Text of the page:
Buyer Beware: Evidence-Based Evaluation of Dietary Supplements for Nephrolithiasis

Kevin Koo, Tareq Aro, Brian R. Matlaga

Research output: Contribution to journalArticlepeer-review

2 Scopus citations


Introduction: Numerous dietary supplements claiming to treat or prevent kidney stones have recently been brought to the market. However, the evidence for these claims is not clear. This study assesses the scientific evidence supporting dietary supplements for the treatment and prevention of urinary stone disease. Materials and Methods: Two online marketplaces (Amazon and Google) were queried for dietary supplements available without a prescription to treat, alleviate, or prevent stone disease. Product labels were reviewed to compile stone-related claims and active ingredients. The 30-day cost of treatment and consumer star rating were assessed. MEDLINE, Web of Science, and Google Scholar were queried with labeled ingredients to assess the scientific evidence from published and lay sources. Results: A total of 27 dietary supplements containing 56 ingredients were analyzed. Supplements made a variety of claims, including dissolving stones (12 products, 44%), preventing stone formation (7 products, 26%), and reducing stone symptoms (6 products, 22%). Mean 30-day cost was $32 (range $4-$189). All products were rated highly by consumers (mean 4.2 of 5 stars). Of the 56 ingredients, 9 (16%) had any published studies for use in stone disease, and 5 (9%) had exclusively studies supporting their use. Eighteen scientific publications about the ingredients were identified, of which six showed mixed or no benefit in stone disease. Overall, 18 (67%) supplements contained ingredients with conflicting or absent evidence of benefit. No association was found between product cost or rating and products containing ingredients supported by human or animal studies (p > 0.05). Conclusions: Two-thirds of dietary supplements claiming to treat or prevent kidney stones contain ingredients with conflicting or no scientific evidence to support their claims. Clinicians should counsel stone formers that the effects of most supplements are unknown or unstudied in humans, and that the absence of evidence does not imply absence of potential harm.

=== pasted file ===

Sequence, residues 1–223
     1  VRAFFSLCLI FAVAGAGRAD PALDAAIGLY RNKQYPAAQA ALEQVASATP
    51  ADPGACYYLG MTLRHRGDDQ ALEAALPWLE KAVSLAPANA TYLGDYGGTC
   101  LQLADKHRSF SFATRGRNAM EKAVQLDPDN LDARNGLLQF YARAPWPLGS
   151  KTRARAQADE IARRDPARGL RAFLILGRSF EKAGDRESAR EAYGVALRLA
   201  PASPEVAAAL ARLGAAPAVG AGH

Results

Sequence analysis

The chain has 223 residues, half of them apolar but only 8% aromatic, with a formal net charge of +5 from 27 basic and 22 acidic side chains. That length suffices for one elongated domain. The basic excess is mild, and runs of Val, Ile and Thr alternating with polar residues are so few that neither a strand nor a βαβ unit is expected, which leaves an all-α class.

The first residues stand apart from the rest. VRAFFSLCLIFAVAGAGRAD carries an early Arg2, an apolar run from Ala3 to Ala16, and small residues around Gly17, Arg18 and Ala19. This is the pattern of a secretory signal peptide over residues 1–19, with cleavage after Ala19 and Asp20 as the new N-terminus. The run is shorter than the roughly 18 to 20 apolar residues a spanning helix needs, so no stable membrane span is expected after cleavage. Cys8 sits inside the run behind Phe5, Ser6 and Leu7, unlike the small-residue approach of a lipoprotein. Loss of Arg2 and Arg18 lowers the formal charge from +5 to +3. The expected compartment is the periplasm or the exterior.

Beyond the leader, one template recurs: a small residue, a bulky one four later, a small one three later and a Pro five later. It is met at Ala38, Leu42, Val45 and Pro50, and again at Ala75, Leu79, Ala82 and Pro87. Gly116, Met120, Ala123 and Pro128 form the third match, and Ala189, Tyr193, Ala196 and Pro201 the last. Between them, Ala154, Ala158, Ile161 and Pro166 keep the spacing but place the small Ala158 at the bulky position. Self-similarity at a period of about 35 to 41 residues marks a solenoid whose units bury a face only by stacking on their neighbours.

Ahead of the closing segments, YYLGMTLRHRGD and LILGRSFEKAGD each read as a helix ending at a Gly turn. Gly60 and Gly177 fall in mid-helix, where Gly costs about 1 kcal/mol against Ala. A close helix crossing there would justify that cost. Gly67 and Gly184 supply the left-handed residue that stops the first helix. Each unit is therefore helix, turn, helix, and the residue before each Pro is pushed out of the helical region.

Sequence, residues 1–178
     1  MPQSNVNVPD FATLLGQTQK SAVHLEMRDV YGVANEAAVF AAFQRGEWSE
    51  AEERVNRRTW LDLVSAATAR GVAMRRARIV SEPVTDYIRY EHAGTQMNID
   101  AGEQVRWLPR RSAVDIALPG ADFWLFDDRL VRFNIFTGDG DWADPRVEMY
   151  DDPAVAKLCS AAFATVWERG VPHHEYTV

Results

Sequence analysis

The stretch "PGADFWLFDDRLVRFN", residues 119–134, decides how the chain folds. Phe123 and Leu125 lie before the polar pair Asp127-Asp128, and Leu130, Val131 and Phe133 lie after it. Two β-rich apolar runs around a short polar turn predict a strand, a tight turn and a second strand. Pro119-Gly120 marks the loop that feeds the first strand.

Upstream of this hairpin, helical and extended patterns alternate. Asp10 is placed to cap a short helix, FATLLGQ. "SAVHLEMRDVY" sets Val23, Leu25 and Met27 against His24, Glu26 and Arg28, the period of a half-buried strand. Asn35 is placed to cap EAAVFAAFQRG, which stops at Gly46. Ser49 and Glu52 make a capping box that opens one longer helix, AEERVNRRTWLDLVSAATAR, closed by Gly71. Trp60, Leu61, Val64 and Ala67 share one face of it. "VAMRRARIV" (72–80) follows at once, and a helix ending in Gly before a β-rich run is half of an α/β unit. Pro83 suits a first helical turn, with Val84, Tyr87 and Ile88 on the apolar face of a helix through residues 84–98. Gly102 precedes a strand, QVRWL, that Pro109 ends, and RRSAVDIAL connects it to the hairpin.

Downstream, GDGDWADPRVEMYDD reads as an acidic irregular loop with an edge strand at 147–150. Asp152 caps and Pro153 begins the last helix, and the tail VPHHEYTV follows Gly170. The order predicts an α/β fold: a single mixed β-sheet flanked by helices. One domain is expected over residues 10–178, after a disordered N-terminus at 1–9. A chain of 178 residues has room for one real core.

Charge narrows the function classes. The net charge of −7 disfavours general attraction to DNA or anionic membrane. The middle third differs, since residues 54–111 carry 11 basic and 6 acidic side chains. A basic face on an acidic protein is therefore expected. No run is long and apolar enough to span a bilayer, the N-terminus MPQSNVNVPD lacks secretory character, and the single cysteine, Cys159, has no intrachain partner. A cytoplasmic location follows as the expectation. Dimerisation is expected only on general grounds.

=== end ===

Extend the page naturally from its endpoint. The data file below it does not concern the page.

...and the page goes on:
Original languageEnglish (US)
Pages (from-to)702-707
Number of pages6
JournalJournal of Endourology
Issue number6
StatePublished - Jun 2020


  • dietary supplements
  • endourology
  • evidence-based medicine
  • kidney stones
  • nephrolithiasis

ASJC Scopus subject areas

  • Urology


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